There’s this woman I know through twitter. Her twitter name is Stellar. I know what her real first name is, but I don’t know her last name.
From what little interaction I’ve had with her on twitter, I like her. She’s funny and smart. Literate and educated. Seems to have good taste in music and movies and such. If the picture associated with the account is indeed her, she’s cute. She must kind of like me, too, at least a little bit, because she’s occasionally complimentary of me, laughs at my jokes, etc.
Apparently to Manti Te’o, this is enough for me to consider Stellar to be my girlfriend, even though Stellar and I have never actually met in person, and it’s theoretically possible that “she” is really a 48-year-old man.
When Deadspin broke the sharply-reported story yesterday that Te’o’s supposedly dead girlfriend never existed, it was obviously a bombshell, and the story certainly pointed towards Te’o having some sort of involvement.
Hours later, Notre Dame released a bizarre statement defending him while acknowledging a ‘hoax’, and later Te’o released his own statement, painting himself as a humiliated victim.
Based on what has been reported, I don’t believe him for a minute. None of it adds up. He supposedly discovered the hoax on Dec. 6, via a telephone call from the “dead girlfriend”, but two days later, on Dec. 8, he gave an interview in which he said, “I don’t like cancer at all. I lost both my grandparents and my girlfriend.”
There were all manner of stories that talked about the girlfriend visiting Te’o in Hawaii, in which Te’o thanked fans for the support they’d showed “my family and my girlfriend’s family.”
There was one story in the South Bend paper (since removed from the website) that detailed a face-to-face meeting that obviously never took place.
I suspect that this was a calculated effort to bring Te’o publicity. This story from the other day suggests that Te’o’s family is incredibly sensitive to media coverage, which could logically mean they might also try to manipulate the media to their benefit. I admit that I’m only speculating there, but it’s what I believe.
Te’o was a virtual unknown before this season. But the off-field narrative propelled him into the national spotlight and even the Heisman race (of which, I might add, I was highly critical before I had any reason to suspect Te’o’s backstory was less than authentic).
If the plan was to create sympathy and phony adversity for Manti to “overcome” in order to paint him as more “spiritually strong” or “mentally tough”, and therefore worthy of admiration, it certainly worked. There’s no way Te’o gets so much media attention and/or Heisman buzz without the off-field stuff. Most people who supported his candidacy openly admitted that those factors played into their support of him.
But let’s back up a minute. Even though I don’t believe Te’o’s story, let’s pretend for a minute that he’s telling the truth. That he was duped by an elaborate hoax. I still have a few questions. Here’s the first one, which apparently nobody on Sportscenter felt compelled to ask yesterday:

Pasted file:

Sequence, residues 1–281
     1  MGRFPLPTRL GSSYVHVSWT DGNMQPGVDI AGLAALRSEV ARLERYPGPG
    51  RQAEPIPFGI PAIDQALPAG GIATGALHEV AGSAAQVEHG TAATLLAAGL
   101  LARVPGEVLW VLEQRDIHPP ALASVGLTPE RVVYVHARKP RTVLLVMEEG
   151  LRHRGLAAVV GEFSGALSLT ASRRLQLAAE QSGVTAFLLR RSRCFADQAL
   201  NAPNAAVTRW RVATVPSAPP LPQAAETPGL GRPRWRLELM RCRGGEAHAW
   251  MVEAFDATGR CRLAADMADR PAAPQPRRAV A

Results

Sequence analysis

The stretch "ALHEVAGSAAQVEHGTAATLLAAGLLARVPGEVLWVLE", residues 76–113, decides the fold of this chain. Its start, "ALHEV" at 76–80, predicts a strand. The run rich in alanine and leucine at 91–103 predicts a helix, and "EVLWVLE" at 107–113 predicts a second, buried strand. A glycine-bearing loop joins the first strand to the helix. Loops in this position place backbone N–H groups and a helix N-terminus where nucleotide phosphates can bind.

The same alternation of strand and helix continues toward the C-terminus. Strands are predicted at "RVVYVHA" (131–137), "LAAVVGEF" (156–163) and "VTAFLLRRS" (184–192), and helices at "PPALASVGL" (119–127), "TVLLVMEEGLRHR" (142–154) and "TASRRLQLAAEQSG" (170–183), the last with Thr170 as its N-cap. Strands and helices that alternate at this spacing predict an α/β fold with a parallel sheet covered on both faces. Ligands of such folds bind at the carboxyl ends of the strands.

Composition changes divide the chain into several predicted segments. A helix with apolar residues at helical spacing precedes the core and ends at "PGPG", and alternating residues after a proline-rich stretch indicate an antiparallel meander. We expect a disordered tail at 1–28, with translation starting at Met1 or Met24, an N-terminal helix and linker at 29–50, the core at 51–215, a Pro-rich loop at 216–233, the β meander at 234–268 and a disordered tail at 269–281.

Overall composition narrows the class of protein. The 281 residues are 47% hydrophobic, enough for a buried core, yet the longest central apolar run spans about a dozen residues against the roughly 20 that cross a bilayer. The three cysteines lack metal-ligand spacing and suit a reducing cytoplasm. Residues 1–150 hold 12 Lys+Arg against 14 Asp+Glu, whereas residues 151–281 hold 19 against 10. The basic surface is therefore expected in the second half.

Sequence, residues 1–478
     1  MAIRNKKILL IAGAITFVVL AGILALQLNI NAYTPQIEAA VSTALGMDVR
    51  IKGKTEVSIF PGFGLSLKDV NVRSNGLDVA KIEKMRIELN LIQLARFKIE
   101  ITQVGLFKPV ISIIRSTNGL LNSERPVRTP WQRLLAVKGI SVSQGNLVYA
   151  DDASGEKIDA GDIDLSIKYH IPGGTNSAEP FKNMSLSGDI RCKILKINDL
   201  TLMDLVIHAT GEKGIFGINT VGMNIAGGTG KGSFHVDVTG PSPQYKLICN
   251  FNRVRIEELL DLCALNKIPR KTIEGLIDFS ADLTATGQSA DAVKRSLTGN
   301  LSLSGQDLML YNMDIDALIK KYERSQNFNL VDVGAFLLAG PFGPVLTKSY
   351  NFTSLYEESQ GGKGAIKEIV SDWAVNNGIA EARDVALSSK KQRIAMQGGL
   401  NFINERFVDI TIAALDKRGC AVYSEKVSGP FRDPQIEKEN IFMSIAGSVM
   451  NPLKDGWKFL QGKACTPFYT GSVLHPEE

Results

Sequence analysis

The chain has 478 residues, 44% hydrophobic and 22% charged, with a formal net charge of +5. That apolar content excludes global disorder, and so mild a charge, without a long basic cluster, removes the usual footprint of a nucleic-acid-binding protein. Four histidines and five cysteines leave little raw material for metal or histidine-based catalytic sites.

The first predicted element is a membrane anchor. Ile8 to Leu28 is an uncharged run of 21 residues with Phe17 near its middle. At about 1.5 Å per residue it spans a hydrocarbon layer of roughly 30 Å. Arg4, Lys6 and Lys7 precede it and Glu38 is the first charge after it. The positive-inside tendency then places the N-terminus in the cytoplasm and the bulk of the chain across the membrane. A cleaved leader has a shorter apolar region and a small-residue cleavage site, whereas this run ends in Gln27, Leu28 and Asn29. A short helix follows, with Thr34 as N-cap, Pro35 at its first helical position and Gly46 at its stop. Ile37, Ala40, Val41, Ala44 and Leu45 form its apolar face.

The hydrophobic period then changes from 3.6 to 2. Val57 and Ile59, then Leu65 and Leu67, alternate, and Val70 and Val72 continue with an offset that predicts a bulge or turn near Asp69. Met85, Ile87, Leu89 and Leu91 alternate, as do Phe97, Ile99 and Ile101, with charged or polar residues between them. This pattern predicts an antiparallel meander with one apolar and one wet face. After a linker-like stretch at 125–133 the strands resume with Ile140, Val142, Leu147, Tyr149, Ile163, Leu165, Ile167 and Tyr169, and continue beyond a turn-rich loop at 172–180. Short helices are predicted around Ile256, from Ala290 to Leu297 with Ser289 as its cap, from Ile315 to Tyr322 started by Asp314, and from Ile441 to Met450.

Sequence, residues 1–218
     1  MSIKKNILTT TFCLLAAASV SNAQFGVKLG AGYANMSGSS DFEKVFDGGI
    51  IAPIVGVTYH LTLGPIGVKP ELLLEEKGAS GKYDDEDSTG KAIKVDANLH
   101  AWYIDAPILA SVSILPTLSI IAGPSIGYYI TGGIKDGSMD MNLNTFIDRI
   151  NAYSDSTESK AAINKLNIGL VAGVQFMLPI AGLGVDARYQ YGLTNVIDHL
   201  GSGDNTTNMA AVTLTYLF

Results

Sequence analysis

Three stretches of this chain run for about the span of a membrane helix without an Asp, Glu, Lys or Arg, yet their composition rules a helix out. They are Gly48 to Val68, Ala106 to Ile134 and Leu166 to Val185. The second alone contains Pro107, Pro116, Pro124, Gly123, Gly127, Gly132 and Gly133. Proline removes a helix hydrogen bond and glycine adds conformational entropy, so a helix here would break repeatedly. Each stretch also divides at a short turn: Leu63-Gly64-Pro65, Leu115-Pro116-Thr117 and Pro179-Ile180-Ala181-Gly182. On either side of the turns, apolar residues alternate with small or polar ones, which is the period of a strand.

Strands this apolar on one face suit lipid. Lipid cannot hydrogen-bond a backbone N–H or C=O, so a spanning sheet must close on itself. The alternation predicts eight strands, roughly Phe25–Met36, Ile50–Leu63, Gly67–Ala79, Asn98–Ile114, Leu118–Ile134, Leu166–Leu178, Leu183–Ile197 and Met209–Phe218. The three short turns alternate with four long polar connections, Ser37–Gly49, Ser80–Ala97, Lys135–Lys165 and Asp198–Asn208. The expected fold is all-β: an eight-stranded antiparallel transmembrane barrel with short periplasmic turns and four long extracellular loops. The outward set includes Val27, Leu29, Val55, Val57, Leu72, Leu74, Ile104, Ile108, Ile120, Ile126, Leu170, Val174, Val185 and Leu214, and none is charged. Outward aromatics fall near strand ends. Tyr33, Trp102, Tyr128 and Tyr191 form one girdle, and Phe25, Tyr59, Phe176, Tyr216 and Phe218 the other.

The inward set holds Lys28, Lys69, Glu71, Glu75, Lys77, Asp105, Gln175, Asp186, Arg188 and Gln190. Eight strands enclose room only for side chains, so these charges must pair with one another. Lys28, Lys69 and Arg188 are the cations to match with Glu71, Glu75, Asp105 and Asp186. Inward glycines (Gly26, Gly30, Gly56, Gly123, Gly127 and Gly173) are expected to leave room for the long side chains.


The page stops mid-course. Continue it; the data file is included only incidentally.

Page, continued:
WHO IN THE HELL CALLS A WOMAN THEY HAVE NEVER MET THEIR GIRLFRIEND???????
I don’t care how famous a guy is, wouldn’t the average woman be incredibly creeped out by a guy she’s never met in person calling her “his girlfriend?”
And if this anonymous girlfriend blew off scheduled in-person meetings with the famous boyfriend, as ND’s athletic director suggested, wouldn’t Te’o probably, you know, get a little suspicious? How dumb/naive are we supposed to believe the guy is?
I’ve dated/socialized with dozens of women in my life, but there have been maybe five that I’ve called my girlfriend, and I spent lots and lots of time with them (in person!) and got to know them really, really well before I had the balls to refer to them by the g-word in public. Using Manti Te’o’s definition, I have had literally hundreds of girlfriends in my life.
Again, let’s say Te’o really was duped into believing that a person he “met” online was real, and suffering from leukemia, and an inspiring and thoughtful person. Let’s say he genuinely connected with this person meaningfully and grew to care about “her”.
He’s still a liar.
Read the stories. Re-watch Gene W.’s ESPN story. Yes, he’s careful to never specifically mention spending time in her presence, but to refer to her as “the love of my life” and “the most beautiful person I’ve ever met” is to very much lead the reporter he’s talking to, and in turn the audience, to believe this is a serious relationship, a steady girlfriend. Someone he has been intimate with on some level beyond a phone call or a tweet.
In one story, Manti’s dad said he and his wife were preparing for her to become their daughter-in-law.
And again, at least one story referenced an in-person meeting.
Shouldn’t Te’o have stepped in to correct these inaccuracies in reporting? Didn’t he, at some point, have a responsibility to say, “Hey, I really do care a lot about this person, but I only know her through the internet and phone calls, we’ve never actually met.”
Well, that would’ve put a damper on Te’o’s feel-good story, wouldn’t it? The media wanted to portray Te’o as a hero, a saintly grandson and boyfriend, a warrior who gave his all on the field while hurting so badly on the inside. Te’o’s actions clearly indicate that he was more than willing to go along with that narrative, and keep quiet when parts of the story were highly embellished. Then again, embellishing stories is at the very fabric of Notre Dame football.
At worst, Manti Te’o is a shameless liar, a self-promoting narcissist with a sad level of contempt and scorn for the media and his fans.
At best, he’s an idiot who was more than willing to stretch the truth to the very limits in the name of a good story.